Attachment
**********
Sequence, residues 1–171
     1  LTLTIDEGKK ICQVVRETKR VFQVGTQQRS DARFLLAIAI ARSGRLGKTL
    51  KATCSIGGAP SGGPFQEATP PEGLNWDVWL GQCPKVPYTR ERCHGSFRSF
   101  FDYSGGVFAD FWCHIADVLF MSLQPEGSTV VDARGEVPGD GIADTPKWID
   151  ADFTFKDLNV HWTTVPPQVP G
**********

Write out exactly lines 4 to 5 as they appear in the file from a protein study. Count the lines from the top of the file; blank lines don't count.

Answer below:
   101  FDYSGGVFAD FWCHIADVLF MSLQPEGSTV VDARGEVPGD GIADTPKWID
   151  ADFTFKDLNV HWTTVPPQVP G